Public relations mogul and author Peter Hannaford, who was spokesman for Ronald Reagan when he was governor of California and who later became senior communications adviser for the Gipper's 1980 presidential campaign, had looked forward to "semiretirement" when he moved last year from Washington to Northern California.
Now he has accepted the post of editorial page editor of the Eureka Reporter, a daily newspaper.
"While I have written a great many op-ed-length articles and am familiar with the discipline, I've never had to write one a day before. In addition, there are syndicated columns to schedule, editorial cartoons to order and letters to the editors and locally generated op-eds to sort through and select for publication," he says.
"My only worry is, where do we find the time to go on a cruise?"
It's not easy getting out of town if you're high-profile couple Ingrid and Fabrizio Aielli, who sold their K Street Italian eatery Teatro Goldoni to Michael Kosmides on Sept. 1.
Shooting the cover of the invitation to their farewell party, to be held this Sunday, proved too much for Metropolitan Police officers, who pursued the popular couple around Washington's monuments as photographer Neshan Naltchayan tried to capture the perfect shot.
Actually threatened with handcuffs, they finally sped off in Mrs. Aielli's white Volkswagen Beetle, fondly nicknamed "mozzarella." No ticket ensued — that they know of — but if one does arrive it will have to be forwarded to the couple's new home in Naples, Fla.
Were you aware that Carol Press, wife of Washington-based TV and radio broadcaster Bill Press, is an award-winning weaver?
In her sun-filled studio behind the couple's home on Capitol Hill, Mrs. Press — "the talented member of the family," notes Mr. Press — designs and weaves bright and colorful rayon-chenille scarves for both women and men.
In fact, her Web site says we've probably seen one of the scarves on TV or in newspapers without realizing it: "On cold Washington days they are worn warmly and proudly by many members of the media, by Broadway stars, by several members of Congress and the Senate and by at least one former president," Mrs. Press says.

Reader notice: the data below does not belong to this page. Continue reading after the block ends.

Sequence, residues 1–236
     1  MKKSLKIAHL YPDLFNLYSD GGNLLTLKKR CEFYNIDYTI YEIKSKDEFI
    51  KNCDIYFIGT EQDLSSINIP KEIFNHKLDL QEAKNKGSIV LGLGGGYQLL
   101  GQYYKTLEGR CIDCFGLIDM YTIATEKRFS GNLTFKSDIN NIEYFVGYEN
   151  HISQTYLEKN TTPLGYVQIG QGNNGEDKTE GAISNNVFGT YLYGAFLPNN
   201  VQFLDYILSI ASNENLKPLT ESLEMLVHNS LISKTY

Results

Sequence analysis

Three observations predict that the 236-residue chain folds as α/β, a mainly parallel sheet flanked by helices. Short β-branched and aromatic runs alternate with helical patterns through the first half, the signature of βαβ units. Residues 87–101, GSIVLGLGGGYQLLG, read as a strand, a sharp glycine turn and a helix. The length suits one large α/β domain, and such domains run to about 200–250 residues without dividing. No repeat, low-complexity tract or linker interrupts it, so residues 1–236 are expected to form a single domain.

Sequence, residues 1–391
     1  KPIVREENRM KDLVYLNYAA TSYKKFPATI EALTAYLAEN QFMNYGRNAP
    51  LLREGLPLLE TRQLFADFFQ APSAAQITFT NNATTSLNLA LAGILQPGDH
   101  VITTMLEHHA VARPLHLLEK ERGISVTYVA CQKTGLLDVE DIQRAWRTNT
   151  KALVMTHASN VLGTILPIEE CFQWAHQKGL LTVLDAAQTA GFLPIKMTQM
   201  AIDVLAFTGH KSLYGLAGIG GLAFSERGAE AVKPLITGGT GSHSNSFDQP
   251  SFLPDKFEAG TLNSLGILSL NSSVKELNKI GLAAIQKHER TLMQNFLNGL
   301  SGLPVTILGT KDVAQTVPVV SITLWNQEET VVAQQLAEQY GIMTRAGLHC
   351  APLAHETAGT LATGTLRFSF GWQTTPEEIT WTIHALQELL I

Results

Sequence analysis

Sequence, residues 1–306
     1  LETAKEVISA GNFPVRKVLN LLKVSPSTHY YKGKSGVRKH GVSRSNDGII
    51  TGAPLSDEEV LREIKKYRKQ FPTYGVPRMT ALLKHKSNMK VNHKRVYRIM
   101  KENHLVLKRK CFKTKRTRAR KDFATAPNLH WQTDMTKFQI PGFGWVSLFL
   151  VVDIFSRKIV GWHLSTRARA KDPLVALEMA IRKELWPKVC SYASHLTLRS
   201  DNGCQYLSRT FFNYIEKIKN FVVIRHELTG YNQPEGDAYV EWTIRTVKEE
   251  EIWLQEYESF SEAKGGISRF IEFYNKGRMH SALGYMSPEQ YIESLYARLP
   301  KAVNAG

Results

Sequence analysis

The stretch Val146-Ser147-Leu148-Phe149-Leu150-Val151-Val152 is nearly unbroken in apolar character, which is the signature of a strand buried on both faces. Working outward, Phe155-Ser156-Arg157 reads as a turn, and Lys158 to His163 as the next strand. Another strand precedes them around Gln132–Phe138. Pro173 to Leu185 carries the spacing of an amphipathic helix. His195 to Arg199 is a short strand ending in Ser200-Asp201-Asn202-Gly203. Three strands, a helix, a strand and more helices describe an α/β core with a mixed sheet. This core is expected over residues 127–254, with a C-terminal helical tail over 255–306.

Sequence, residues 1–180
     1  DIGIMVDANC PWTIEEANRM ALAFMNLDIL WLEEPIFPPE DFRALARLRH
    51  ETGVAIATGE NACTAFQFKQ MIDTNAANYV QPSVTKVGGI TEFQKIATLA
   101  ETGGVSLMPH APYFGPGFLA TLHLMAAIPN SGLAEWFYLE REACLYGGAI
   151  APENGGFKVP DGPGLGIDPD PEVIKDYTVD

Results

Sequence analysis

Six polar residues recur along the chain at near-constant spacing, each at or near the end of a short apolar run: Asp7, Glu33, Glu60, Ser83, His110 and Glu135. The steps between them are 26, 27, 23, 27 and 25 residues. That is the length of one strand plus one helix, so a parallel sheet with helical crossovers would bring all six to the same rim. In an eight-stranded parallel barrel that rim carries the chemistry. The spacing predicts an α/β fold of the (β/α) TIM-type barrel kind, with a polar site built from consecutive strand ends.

Scarves like the one worn by Bill Clinton are sold at some of the country's finest clothing specialty stores, from Julie's Art-to-Wear on New York's Madison Avenue and Art and Soul on Pennsylvania Avenue in Washington to the Flying Shuttle in Seattle's Pioneer Square.
She also sells directly from her home studio. In fact, this weekend is Mrs. Press' annual open house: Saturday and Sunday, 3 to 6 p.m., 217 8th St. SE, right around the corner from Eastern Market.
"Motorcade went out of White House ... traveled east on Constitution past the Capitol — lots of bystanders and a pack of goofy-looking Segway riders."
Or so observed yesterday's White House pool report, referring to Capitol Hill drivers of the two-wheeled, self-balancing electric transportation devices that are manufactured in New Hampshire.
"Alcohol is alcohol," says the Distilled Spirits Council, the national trade association representing America's leading brands of distilled spirits, reacting to Wisconsin Democratic Gov. James E. Doyle's decision to veto a distilled spirits sampling provision.
The Washington-based council calls the veto a "blow to equal treatment in the marketplace," pointing out that "beer and wine tastings are already permitted in the state and there is no reason to treat spirits products any differently."
The Wisconsin bill had limited consumers to three one-half ounce samples of spirits products, totaling 1.5 ounces — the U.S. Dietary Guidelines definition of a standard drink of distilled spirits, according to the council.
Since 1999, 23 states have passed or expanded consumer spirits-tastings laws. Furthermore, Mothers Against Drunk Driving did not oppose any of these bills "because the industry insisted on responsible guidelines."